"WHY are you lying to me?" This feels like a straightforward, simple question with an easy answer. “You MUST know why you are doing what you’re doing, you’re the one doing it!” But here’s the thing, your child most likely does not have the answer to this question. This is a topic we explore in this BLOG about why teens argue.
Asking questions that you already know the answer to, is also a form of negative coercion, or asking questions in rapid fire, or interrogation style questioning should also be avoided, it typically only leads to more defensiveness especially in adoptive/foster kids who seem to be expecting this kind of behavior (it feels like it only validates they are not wanted or welcomed). For our foster/adoption kids, there is even LESS chance that these things will find any long term success.
Another reason for approaching the issue in a nonconventional manner is that often, adoptees and foster kids have little regard for consequences. You may threaten to take away a prized possession, only to have the child say, “Take it. I don’t care.”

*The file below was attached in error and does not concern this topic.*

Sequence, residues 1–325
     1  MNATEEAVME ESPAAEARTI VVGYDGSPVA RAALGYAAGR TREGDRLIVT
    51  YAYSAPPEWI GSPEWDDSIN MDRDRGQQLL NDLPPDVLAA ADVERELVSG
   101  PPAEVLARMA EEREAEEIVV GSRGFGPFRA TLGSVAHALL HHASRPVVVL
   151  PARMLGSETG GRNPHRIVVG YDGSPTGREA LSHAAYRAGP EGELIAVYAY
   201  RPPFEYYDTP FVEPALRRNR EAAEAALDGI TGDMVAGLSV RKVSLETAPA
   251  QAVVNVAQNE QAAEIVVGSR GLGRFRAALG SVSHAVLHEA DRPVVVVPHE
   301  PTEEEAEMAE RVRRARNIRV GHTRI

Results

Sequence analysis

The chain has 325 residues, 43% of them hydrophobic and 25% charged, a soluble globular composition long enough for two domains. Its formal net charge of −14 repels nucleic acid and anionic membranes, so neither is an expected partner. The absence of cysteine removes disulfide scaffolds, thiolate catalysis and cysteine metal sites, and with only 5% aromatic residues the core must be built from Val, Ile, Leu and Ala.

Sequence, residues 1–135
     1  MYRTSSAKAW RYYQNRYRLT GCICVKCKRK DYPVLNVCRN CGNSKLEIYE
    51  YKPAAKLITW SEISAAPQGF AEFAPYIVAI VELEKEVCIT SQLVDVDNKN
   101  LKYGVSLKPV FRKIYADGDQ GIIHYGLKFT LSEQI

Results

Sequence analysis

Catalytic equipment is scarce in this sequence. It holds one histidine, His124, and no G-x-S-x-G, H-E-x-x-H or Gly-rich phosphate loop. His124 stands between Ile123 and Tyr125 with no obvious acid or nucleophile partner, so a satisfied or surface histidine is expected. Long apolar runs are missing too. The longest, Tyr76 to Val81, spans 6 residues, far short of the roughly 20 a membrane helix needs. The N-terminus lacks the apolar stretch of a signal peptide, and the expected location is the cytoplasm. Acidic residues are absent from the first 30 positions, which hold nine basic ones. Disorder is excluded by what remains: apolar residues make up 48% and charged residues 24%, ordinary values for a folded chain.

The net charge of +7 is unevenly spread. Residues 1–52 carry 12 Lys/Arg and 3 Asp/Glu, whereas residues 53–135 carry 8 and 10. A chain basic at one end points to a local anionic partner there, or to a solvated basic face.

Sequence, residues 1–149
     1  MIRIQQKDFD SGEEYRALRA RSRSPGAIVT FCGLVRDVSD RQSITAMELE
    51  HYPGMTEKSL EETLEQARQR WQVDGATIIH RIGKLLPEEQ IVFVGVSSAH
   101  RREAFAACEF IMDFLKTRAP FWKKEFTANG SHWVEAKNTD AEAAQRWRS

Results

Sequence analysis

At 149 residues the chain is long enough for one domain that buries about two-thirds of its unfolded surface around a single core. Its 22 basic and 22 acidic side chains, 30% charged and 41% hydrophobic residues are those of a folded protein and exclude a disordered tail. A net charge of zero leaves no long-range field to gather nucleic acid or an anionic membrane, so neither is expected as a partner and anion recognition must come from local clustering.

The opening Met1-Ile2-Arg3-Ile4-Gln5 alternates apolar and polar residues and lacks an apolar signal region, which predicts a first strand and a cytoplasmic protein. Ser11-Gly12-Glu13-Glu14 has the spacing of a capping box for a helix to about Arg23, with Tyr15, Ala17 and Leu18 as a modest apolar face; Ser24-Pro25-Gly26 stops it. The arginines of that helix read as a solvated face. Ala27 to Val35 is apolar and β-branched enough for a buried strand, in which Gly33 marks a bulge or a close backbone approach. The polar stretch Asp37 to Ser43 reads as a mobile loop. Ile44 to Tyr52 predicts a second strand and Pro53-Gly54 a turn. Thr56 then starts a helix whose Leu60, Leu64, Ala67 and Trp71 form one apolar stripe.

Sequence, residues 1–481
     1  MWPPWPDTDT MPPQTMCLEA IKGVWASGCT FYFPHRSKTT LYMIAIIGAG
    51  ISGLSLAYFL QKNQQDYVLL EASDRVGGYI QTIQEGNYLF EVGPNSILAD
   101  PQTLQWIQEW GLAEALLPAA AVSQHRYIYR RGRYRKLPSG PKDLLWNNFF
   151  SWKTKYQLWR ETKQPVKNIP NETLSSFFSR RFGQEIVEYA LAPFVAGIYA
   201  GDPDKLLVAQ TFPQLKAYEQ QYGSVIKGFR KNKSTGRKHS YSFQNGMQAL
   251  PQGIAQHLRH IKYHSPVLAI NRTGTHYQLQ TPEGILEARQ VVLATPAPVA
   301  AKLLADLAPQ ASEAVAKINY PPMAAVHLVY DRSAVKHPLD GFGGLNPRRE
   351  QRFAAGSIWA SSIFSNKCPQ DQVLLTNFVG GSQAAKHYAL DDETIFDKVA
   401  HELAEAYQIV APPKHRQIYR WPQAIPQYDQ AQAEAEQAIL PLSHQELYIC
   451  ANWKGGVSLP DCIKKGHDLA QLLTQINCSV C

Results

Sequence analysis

Been there? Tried that? It helps nothing. All it has done is turned into a power struggle.
If your teen deals with lying to deal with stress, they may struggle with confabulating. It's when a child subconsciously fill s gap in memory error with fabricated memories, misinterpreted events, or distorted information because they are not able to remember. (1) This is something to consider if your teen has gone through a lot of trauma throughout their life.